Most of the time when we think of birds, we think of the things that make them birds, and not the things that make them dinosaurs. But that is because we often have the relationship between dinosaurs and birds reversed in our little primate minds; Much of what is bird-like is not exclusive to birds, but rather, to a larger group of dinosaurs. Birds have taken these particular traits in novel directions, but these traits existed independently of all the birdiness we usually attribute to our feathered, flying, bipedal friends, long ago, before the Great Extinction.

You’ll hear people tell you that birds are dinosaurs, and that is supposed to blow you away and make you go all gaga about birds and evolution. People also say that hyraxes are elephants, but they are so distant in their relationship that it is little different than saying that deer are a type of pronghorn antelope. It is much stranger and illustrative of the ways of evolution to point out that whales are a form of “hoofed animal” (unlikely but true). Also, there are reasons why statements like this are scientifically incorrect even if there is ‘some truth’ to them. The idea that birds are dinosaurs could be thought of as a trivial fact of evolution … birds are really no more dinosaurs than whales are bovids, functionally, even though they actually are, phylogenetially … but that would be missing a greater and very interesting point. It is much more interesting to consider the fact that some (actually, many) dinosaurs were bird-like, and of course, this similarity had to do with their common ancestry.

For example, there seems to have been dinosaurs that used feathers as their body covering. In nature, you’ve got your leathery skin (like elephants or crocodiles), you’ve got your fur (like beavers and red deer), you’ve got your scales (like fish and pangolins) and you’ve got your feathers (like many theropod dinosaurs …. oh, and birds). We know that feathers on birds facilitate, in fact allow, bird-like flight. There are other uses of feathers but flight is key in birds, and it is easy to imagine that feathers evolved to facilitate flight. If so, then other uses (as insulation, armor, signalizing to con specifics, feathering the nest, etc.) are convenient secondary uses. And, that may be true regarding recent evolution of feathers. Indeed, flightless birds have feathers and they use them only for these other uses, and there are probably features of modern feathers that evolved long after the other dinosaurs disappeared in that great cosmic collision 65 million years ago. However, it would appear that during one fairly long period of time in the past there were a number of species (of dinosaur) that used feathers in a number of ways such as those just mentioned (and possibly other ways), and one subgroup of these dinosaurs would later be birds. Some of those other groups, which have left no progeny, may even have used feathers to facilitate gliding or some sort of flight, but we can not assume that flight was the reason that feathers first evolved. Almost certainly, it is not.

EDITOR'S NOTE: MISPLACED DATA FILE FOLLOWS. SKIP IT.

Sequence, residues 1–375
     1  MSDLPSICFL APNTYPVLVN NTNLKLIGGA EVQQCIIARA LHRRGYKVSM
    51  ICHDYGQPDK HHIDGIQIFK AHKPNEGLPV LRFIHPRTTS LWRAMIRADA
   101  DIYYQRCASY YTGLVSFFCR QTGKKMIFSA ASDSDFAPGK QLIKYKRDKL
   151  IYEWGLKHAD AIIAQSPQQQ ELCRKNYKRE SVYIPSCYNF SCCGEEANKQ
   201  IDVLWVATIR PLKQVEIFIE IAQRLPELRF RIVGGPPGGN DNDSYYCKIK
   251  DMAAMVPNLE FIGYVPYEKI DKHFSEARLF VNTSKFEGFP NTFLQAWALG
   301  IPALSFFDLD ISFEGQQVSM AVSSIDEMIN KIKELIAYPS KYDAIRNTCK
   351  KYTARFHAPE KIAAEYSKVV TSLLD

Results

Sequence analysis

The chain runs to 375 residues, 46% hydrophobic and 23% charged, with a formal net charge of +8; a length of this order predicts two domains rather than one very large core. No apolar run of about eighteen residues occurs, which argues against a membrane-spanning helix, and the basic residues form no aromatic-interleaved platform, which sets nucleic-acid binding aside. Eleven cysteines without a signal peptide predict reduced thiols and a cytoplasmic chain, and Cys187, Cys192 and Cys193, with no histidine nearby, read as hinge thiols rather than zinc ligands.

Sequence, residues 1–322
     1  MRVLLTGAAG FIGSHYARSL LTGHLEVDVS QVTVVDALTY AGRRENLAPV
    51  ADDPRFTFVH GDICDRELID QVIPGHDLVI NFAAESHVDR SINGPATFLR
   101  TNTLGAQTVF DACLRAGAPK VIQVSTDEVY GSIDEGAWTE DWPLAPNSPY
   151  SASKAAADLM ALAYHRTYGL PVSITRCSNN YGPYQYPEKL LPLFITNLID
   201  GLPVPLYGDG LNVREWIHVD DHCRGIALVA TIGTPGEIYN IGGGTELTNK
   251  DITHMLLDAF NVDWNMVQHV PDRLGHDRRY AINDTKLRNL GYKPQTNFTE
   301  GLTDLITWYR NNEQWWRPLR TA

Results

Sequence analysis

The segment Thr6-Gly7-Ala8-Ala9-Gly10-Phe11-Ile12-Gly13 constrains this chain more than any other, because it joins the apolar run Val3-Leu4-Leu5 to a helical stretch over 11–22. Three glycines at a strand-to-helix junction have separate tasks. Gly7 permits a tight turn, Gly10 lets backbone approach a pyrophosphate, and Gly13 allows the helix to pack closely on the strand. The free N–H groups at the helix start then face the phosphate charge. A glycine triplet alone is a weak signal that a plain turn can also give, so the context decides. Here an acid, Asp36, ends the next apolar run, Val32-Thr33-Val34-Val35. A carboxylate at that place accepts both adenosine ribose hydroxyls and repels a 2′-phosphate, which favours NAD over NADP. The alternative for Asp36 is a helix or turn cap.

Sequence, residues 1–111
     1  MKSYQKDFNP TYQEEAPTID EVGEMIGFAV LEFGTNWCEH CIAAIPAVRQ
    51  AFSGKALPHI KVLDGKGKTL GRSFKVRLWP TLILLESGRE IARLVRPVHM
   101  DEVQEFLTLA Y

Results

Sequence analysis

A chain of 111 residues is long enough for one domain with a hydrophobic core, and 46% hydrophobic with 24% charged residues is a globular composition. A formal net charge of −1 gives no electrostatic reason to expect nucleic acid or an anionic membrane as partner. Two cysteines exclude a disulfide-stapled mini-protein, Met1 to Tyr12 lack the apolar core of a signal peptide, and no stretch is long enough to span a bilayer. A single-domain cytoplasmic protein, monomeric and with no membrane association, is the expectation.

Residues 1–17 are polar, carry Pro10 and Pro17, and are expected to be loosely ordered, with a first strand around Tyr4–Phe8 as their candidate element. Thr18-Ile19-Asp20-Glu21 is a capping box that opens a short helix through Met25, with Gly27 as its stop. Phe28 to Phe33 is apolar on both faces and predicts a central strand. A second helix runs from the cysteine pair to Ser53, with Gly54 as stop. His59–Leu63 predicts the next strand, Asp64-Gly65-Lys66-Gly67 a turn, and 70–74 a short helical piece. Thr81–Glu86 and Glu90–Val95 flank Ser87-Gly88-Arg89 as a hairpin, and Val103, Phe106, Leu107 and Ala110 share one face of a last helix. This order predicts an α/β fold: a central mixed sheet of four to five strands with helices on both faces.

Also, there may have been some dinosaurs that you would never look at and say “what kind of bird is that?” sporting bird-like lungs. Birds have interesting lungs that allow a more or less continuous flow of air across surfaces that exchange gasses between the atmosphere and the blood. Some dinosaurs used this technique as well. There was probably a time when running faster and for a longer period of time was strongly selected for and highly efficient lungs therefore evolved in these dinosaurs. Or may be there was some other reason that efficiency in breathing was extra important. It is very easy to see the super efficient lung of birds as a great adaptation to flight, and it is, by most definitions of “adaptation,” but the features that make bird lungs unique in the world today were probably already in place and being used by a bunch of different dinosaur species, a subset of which were in the “bird clade” and the others absolutely, definitively, not. I would guess that there are aspects of the bird respiratory system that have been fine-tuned, perhaps significantly, as flight became increasingly important, but the basic idea of pushing a more or less continuous stream of air across gas-exchanging tissues may have been well in place before anything you’d call a ‘bird’ emerged, and used by non-bird dinosaurs.